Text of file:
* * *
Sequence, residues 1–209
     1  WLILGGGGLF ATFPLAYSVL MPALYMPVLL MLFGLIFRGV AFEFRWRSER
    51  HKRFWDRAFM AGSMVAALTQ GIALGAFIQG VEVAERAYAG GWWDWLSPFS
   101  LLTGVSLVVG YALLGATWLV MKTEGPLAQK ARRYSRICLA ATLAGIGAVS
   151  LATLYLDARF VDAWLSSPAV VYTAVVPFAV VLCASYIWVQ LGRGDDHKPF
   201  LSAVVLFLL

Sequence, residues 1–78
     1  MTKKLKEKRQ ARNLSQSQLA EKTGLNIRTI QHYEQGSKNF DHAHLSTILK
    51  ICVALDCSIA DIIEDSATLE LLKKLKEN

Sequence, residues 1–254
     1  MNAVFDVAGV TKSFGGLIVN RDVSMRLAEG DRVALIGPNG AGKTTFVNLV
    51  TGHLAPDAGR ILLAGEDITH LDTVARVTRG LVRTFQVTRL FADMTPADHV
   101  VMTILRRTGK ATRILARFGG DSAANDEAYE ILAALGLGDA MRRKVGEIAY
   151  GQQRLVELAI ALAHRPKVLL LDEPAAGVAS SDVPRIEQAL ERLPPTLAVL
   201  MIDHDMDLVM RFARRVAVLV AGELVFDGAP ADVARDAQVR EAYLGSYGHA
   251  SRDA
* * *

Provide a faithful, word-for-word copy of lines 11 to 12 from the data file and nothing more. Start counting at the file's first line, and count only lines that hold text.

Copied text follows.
     1  MNAVFDVAGV TKSFGGLIVN RDVSMRLAEG DRVALIGPNG AGKTTFVNLV
    51  TGHLAPDAGR ILLAGEDITH LDTVARVTRG LVRTFQVTRL FADMTPADHV